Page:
Tregagle’s Hole is a natural arch in a rocky promontory south of Carne Beacon. Its name commemorates Cornwall’s most powerful ghost, Jan or John Tregeagle or Tregagle.
Stories about Tregeagle appear to have coalesced round the memory of a John Tregeagle who lived in the early seventeenth century. He is said to have been the foster-brother and chief steward of John, second Lord Robartes of Lanhydrock. Various episodes in his life brought his name into such ill repute that, by the time of Richard Polwhele’s History of Cornwall (1803), he was remembered as a very wicked man.
According to traditions current in William Bottrell’s time, he was an unscrupulous lawyer who took bribes, forged documents, and bore false witness in pursuit of power and riches. He was also a Cornish Bluebeard, dispatching several wealthy wives, and selling his soul to the Devil. When Tregeagle died in 1655, he was buried in St Breock churchyard. Rumour said he had to bribe the parson to get into consecrated ground, and he has no memorial.
He was summoned from the grave by his name being spoken in court. One man lent another money with Tregeagle as witness, though no documents were signed. After Tregeagle’s death, the lender tried to get the money repaid, but the debtor denied having received it. The case went to Bodmin Assizes, and, when the plaintiff said that the loan was witnessed by Tregeagle, the defendant swore, ‘If Tregeagle ever saw it, I wish to God that Tregeagle may come and declare it!’
The oath was no sooner uttered, than Tregeagle stood before the court and said the debtor had indeed had the money. Then he added ominously, ‘[T]hou hast … found it easy to bring me from the grave, but thou wilt not find it so easy to put me away.’ Though the debtor repaid the loan, Tregeagle thereafter dogged his footsteps. Conjurors and parsons were brought in, who for a time bound the troublesome ghost to emptying Dozmary Pool on Bodmin with a ‘croggan’ or limpet shell. Not only did the shell have a hole in it, but Dozmary Pool itself was long believed to be bottomless or to connect with the sea. Richard Carew reports in 1602, ‘The country people held many strange conceits of this pool; as … that a fagot, once thrown thereinto, was taken up at Foy Haven, six miles distant.’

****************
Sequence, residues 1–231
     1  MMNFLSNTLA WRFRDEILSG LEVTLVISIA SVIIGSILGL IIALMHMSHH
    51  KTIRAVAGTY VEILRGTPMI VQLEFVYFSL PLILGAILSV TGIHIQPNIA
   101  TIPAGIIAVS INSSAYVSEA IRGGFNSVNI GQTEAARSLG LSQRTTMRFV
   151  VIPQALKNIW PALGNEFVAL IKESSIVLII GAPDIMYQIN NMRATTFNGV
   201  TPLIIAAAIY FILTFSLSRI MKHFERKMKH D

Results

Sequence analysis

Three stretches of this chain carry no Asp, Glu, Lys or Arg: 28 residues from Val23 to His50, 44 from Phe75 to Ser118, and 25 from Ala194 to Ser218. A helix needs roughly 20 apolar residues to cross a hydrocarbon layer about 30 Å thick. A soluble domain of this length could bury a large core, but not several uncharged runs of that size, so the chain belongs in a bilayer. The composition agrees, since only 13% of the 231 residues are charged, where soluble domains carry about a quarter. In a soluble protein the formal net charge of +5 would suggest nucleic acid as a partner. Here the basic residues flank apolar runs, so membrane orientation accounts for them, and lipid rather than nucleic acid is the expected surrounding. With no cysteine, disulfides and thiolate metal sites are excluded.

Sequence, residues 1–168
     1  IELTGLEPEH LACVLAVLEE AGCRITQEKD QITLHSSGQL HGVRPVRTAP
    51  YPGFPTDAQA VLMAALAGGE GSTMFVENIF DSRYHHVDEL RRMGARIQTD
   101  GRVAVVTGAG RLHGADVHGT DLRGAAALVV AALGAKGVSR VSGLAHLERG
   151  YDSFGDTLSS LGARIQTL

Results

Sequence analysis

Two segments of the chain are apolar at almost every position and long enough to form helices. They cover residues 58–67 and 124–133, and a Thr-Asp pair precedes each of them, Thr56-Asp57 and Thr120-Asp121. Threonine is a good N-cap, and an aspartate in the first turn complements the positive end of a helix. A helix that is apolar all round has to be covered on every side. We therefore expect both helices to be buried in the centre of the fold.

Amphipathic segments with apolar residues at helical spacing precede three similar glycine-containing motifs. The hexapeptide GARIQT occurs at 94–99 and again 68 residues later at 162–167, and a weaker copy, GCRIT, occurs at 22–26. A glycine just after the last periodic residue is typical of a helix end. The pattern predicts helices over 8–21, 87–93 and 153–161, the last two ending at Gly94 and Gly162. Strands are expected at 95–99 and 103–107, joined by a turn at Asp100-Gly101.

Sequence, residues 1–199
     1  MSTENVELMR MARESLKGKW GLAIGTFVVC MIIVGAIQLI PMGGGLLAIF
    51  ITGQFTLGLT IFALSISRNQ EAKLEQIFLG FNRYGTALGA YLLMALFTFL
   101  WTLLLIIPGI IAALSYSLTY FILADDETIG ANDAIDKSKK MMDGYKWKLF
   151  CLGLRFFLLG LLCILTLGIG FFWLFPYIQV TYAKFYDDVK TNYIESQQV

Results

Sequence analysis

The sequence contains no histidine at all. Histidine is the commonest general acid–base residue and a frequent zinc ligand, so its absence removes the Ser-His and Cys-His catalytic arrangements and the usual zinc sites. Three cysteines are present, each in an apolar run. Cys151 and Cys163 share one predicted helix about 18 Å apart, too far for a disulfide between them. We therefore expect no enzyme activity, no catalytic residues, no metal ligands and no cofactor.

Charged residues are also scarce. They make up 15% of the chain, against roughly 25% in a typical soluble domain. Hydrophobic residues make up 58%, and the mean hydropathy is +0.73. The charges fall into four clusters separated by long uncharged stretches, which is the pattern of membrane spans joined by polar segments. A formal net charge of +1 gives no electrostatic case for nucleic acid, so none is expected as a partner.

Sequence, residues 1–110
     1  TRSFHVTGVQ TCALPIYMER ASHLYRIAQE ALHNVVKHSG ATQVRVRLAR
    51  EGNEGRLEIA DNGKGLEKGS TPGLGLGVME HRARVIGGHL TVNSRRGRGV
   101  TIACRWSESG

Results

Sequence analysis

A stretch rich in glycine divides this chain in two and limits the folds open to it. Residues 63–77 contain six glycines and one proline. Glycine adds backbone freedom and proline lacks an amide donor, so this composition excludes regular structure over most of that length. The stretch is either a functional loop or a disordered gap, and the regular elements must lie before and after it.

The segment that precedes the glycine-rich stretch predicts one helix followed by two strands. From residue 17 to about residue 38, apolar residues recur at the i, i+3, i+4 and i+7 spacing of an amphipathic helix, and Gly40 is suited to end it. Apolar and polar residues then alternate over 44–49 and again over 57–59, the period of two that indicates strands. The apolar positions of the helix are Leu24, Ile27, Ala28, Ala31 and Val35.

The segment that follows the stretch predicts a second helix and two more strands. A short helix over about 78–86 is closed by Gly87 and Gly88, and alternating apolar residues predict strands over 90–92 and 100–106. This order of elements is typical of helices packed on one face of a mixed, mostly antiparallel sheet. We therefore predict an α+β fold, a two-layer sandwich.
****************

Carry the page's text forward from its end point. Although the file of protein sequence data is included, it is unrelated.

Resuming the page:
Tregeagle soon completed his task, however, and returned to plague his victim. More exorcists were called in, who bound him and led him to Gwenvor Cove. There they doomed him to make a truss of sand, bind it with ropes of the same, and carry it up what Bottrell in notes given to Hunt describes as ‘a certain rock’ in Escall’s Cliff, but in his own book calls Carn Olva.
Tregeagle laboured fruitlessly at this task, until, one night of hard frost, he poured water from the Vellandreath Brook on the truss so that it froze and he could carry it to the Carn. Then he flew back to the terrified debtor, who summoned more ghost-layers. They bound Tregeagle to sand-spinning at Gwenvor once again, now with the proviso that he must not go near fresh water. ‘So Tregeagle was matched at last,’ writes Bottrell, ‘for he is still there on the shore of Whitesand Bay vainly trying to make his truss of sand; and he is frequently heard roaring for days before a northerly storm comes to scatter it.’
Robert Hunt’s version of the legend says that Tregeagle escaped from Dozmary Pool and raced across the moors until he came to Roche Rock, ‘a huge, high, and steep rock, seated in a plain’ as Carew calls it, surmounted by the remains of the late medieval St Michael’s chapel. From here, an assortment of monks, parsons, unnamed saints, and St Petroc by turns chivvied him to Padstow, to weave ropes of sand, then to Bareppa, to clear the beach by shovelling sand into sacks and carrying them to Porthleven. Crossing the Loe estuary, he one day dropped his sack and thus Loe Bar was created (in point of fact, it formed in the thirteenth century). From there he was finally banished to Land’s End, and condemned to sweep the sand from PORTHCURNO Cove round to Nanjizal.
The ghosts of the wicked are often forced to perform everlasting tasks, but Tregeagle is more than the usual ghost. His voice is heard in the roaring of the wind on the moors around the hill-fort of Castle-an-Dinas, St Columb Major. As the Quiller-Couches wrote in 1894, ‘The howls of the great spirit Tregeagle … are among the weirdest sounds of the Cornish hills and moors.’